Japan Geoscience Union Meeting 2016

Presentation information

International Session (Oral)

Symbol P (Space and Planetary Sciences) » P-PS Planetary Sciences

[P-PS02] Mars

Mon. May 23, 2016 1:45 PM - 3:15 PM 104 (1F)

Convener:*Takehiko Satoh(Institute of Space and Astronautical Science, Japan Aerospace Exploration Agency), Masaki Ishiwatari(Department of Cosmosciences, Graduate school of Science, Hokkaido University), Sho Sasaki(Department of Earth and Space Sciences, School of Science, Osaka University), Yoshiyuki O. Takahashi(Graduate School of Science, Kobe University), Ayako Matsuoka(Research Division for Space Plasma, Institute of Space and Astronautical Science, Japan Aerospace Exploration Agency), Hideaki Miyamoto(The University Museum, The University of Tokyo), Sushil Atreya(University of Michigan Ann Arbor), Chair:Yoshiyuki O. Takahashi(Graduate School of Science, Kobe University)

2:10 PM - 2:30 PM

[PPS02-02] Runaway acidification on early Mars triggered by atmospheric evolution

★Invited papers

*Haruhisa Tabata1, Yasuhito Sekine1 (1.University of Tokyo)

Keywords:Mars, acidification, atmospheric evolution, photooxidation, geochemistry

Mineralogical and chemical observational data of sedimentary rocks deposited on early Mars suggest that chemistry of Mars’ surface water had shifted from neutral pH (pH~7-9) to highly acidic (pH~2) at around 3.5 billion years ago (Ga) (Bibring et al., 2006; Ehlmann et al., 2011). One proposed mechanism for this acidification is photo-oxidation of ferrous iron dissolved in surface water (Hurowitz et al., 2010). When UV light is irradiated to surface water, ferrous iron are oxidized to ferric iron by producing H+ with precipitation of Fe3+ minerals (see Equations 1 and 2 below). Hurowitz et al. (2010) show that H+ produced via this mechanism are quantitatively sufficient to explain the mineralogical and chemical compositions of sedimentary rocks in Meridiani Planum observed by Mars Exploration Rover, Opportunity (e.g., Tosca et al. 2005).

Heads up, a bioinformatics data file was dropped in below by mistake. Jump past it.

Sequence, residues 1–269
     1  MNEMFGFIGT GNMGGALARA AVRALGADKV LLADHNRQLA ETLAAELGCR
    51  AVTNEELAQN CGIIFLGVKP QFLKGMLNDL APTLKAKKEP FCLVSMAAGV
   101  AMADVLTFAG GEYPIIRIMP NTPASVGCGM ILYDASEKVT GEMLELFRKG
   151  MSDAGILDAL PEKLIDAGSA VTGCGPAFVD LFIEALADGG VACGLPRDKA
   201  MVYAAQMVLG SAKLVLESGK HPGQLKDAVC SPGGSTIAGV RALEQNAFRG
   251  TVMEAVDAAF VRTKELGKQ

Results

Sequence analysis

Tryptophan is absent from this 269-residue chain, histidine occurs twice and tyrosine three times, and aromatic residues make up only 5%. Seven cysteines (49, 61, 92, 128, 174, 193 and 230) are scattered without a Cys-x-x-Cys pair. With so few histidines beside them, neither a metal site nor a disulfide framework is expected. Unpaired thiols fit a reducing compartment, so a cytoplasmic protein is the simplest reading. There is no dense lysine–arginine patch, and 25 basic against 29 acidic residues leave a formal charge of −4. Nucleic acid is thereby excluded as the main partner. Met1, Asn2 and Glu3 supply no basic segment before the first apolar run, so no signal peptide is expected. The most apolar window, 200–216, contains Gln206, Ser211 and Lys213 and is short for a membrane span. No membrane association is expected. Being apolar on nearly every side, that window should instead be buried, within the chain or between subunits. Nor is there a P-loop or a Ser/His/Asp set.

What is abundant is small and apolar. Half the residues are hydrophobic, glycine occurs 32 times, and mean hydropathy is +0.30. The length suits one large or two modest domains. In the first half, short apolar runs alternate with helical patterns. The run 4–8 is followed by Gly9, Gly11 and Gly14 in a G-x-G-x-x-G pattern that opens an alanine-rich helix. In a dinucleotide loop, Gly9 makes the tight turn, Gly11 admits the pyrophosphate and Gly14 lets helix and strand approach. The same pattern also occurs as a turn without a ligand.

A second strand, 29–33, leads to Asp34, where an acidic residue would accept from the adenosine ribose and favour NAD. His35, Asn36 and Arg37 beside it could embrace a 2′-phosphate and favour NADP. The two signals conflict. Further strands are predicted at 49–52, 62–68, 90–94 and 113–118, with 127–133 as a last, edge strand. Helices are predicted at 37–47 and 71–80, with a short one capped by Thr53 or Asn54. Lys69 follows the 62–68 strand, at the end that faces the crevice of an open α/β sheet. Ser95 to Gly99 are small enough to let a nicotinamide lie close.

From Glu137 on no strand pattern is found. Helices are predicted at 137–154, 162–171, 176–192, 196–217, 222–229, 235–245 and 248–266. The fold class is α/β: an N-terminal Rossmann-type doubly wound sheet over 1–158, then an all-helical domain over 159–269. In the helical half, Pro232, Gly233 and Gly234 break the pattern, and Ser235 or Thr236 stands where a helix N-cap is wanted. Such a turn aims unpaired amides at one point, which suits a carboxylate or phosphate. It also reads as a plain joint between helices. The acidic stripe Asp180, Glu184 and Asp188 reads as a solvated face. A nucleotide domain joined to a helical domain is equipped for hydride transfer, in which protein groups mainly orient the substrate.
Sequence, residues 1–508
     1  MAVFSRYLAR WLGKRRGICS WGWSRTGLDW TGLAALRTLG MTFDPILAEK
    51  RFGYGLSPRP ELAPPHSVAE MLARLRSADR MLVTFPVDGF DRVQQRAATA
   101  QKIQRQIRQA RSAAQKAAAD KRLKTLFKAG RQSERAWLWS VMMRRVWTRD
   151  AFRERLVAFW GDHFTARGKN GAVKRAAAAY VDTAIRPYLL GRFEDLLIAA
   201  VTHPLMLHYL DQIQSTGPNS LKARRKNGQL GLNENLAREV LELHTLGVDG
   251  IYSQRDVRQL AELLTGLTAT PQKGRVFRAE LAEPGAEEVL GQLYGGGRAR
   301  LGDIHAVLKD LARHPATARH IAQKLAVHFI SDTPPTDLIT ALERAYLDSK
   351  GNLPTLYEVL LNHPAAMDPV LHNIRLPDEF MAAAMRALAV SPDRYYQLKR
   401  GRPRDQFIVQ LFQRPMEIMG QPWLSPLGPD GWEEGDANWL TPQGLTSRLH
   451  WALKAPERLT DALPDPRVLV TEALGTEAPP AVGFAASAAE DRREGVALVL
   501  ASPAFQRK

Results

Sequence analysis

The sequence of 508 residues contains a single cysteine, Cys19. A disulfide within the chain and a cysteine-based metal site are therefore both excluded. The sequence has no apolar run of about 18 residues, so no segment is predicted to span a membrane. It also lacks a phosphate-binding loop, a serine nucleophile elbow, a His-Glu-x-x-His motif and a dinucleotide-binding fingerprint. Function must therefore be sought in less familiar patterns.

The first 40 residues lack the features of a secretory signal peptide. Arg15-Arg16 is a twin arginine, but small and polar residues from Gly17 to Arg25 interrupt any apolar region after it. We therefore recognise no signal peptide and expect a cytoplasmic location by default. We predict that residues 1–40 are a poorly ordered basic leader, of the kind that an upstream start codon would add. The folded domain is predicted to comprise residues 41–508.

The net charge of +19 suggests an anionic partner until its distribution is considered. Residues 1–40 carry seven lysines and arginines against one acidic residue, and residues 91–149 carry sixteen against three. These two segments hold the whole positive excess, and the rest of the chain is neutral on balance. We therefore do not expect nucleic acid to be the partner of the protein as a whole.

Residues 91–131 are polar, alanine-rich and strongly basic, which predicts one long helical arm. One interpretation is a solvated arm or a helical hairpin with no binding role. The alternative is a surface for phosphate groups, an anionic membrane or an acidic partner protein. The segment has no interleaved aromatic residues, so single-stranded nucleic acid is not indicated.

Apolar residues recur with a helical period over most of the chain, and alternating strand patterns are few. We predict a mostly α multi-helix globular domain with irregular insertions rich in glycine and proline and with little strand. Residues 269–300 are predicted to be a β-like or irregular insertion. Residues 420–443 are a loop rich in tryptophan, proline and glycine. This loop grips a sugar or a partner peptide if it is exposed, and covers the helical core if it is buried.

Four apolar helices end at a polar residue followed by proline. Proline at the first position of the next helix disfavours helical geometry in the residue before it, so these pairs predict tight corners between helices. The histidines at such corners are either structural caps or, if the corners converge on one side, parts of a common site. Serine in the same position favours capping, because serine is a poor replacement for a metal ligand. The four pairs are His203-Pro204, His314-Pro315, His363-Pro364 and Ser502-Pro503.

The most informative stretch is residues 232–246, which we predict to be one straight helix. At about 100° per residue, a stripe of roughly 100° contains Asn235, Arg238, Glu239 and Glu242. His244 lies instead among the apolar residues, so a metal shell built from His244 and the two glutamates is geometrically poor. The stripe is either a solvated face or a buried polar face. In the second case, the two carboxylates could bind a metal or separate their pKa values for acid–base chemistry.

Fe2+aq + 2H2O → Fe3+O(OH)↓ + H2↑ + 2H+ (eq. 1)
Fe(OH)+ + H2O → Fe3+O(OH)↓ + H2↑ + H+ (eq. 2)
Although this mechanism would have promoted acidification at 3.5 Ga on Mars, it remains unsolved why surface water with neutral pH had been maintained before 3.5 Ga, and what the trigger for the acidification was. In this study, we propose a new hypothetical scenario to explain the chemical transition of surface water from neutral to acidic pH by considering positive and negative feedbacks in association with photo-oxidation of ferrous iron.
Ferrous iron has two stable dissolved species; Fe2+ and Fe(OH)+, depending on pH of water. It has been reported that both species are oxidized when irradiated with UV (< 200 nm). But, Fe(OH)+, which becomes the dominant species at pH > 9, is also oxidized with irradiation of visible light (300–400 nm) (Braterman et al., 1983). In a thick CO2 atmosphere (~1 bar) with several ppms of SO2, UV light with short wavelength (< 300 nm) is shielded by the atmospheric gas species. In this case, photo-oxidation of Fe(OH)+ proceeds in surface water, whereas that of Fe2+ is limited. In surface water with neutral to alkaline pH, photo-oxidation of Fe(OH)+ acidifies the water forming H+. However, the concentration of Fe(OH)+ drastically decreases around pH~6.5 via the conversion into Fe2+. This decrease in Fe(OH)+ concentration, in turn, results in dampening Fe(OH)+ photo-oxidation. Consequently, in a thick atmosphere, pH dependence of Fe(OH)+ photo-oxidation works as a negative feedback to maintain surface water pH around neutral.
On the other hand, in a thin CO2 atmosphere (0.1 bar or less) with < 1 ppm of SO2, UV light reaches to the surface water, leading to photo-oxidation of both Fe2+ and Fe(OH)+ in surface water. In this case, even if the concentration of Fe(OH)+ in surface water decrease at pH~6.5, acidification proceeds via photo-oxidation of Fe2+. As a result, a runaway acidification to highly acidic surface water occurs via this positive feedback.
Here, we discuss the above possibility more quantitatively using the previous laboratory data on photo-oxidation rates of Fe2+ under acidic conditions by Jortner et al. (1962) and those by Braterman et al. (1983) under neutral pH conditions. We calculate the total production rate of H+ both via the photo-oxidation of Fe2+ and Fe(OH)+ for various atmospheric compositions and pressures. Based on our sensitivity study of the abundances of CO2 and SO2 to acidification of surface water, the critical atmospheric compositions to drive the runaway acidification are discussed.